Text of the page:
On Facebook outages and why it’s still ok to “own your own content”
Over at PostStatus David Bisset has a thoughtful post about brushing off the recent Facebook/Instagram/WeChat outage with quips about “own your own content.”
Time will tell if Facebook being down on Oct 4th will be the single greatest system failure in tech in 2021. There’s been some good writing explaining what went wrong (and the fact that mistakes happen), but predictably when sites and networks fail like this there are reactions on social media. Eventually, especially in the WordPress community, when it comes to corporate sites and social networks someone is there to wag a finger and say “See? Own Your Own Content.” Me included.
This time around — maybe because it was Facebook or I’m just showing my age — it felt different saying “Own your own content.” Yes, you should own your own content. But that’s not possible for many people today, and many were hit harder than you may realize.David Bisset, PostStatus
I agree there’s a certain amount of “first-world problem” elitism when small (and large) web publishing advocates say “own your content.” And as you say, in some parts of the world Facebook and its messaging properties are the only available media for business and government (and also, evidently, human trafficking and organized crime!)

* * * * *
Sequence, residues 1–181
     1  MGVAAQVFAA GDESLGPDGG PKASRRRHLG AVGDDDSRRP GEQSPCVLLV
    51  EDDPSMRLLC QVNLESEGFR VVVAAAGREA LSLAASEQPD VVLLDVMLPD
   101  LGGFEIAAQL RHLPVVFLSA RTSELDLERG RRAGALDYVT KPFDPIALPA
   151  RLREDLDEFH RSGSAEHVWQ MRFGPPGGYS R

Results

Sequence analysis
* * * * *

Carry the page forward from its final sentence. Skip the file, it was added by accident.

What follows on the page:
But the point of “own your own content” isn’t necessarily to have your own bespoke WordPress website. Instead it’s to… well… own your content. Preferably across a range of platforms.
In my experience as a WordPress support specialist, Facebook (or Amazon, or Google, etc.) outages are very rare compared to even very well-run individual websites. 99.9% uptime still means about 8 hours of downtime per year, right? So it would be risky to publish only on WordPress as well!
I still recommend that people have their own websites, not because they’re more reliable or more popular but because it’s a great foundation for the COPE/CORE publishing strategy: Create Once Post/Repost Everywhere.
It doesn’t necessarily matter where you create your content. Twitter is great for short messaging. Tumblr and Tiktok are surprisingly usable. Matt Mullenweg’s commercial but largely free WordPress.com is fine too. Even Facebook can be ok if you’re able to finesse their algorithms and/or pay to boost your posts, though unlike any of the above it’s harder to get a reliable permalink for cross-posting. Same with Weibo, Zhihu, Pinterest, Wix, etc.
But mostly it’s a good idea to cross-post your content to multiple platforms. Create your content somewhere and paste links elsewhere so they won’t get lost. Or filtered. Or censored. Or “shadowbanned.” WordPress is quite good for all of that that but as I’ve said it doesn’t have to be the only place.
Finally, as far as affordability goes, the WordPress Hosting group on Facebook (ironic I know) is filled with discussions of people using and troubleshooting $1/month hosting in places where SiteGround or Cloudways are extravagant luxuries. So it’s not as though WordPress is completely out of reach.
I definitely get your point, but I think it’s still ok to say own your own content. Even if sometimes that only means control your own content.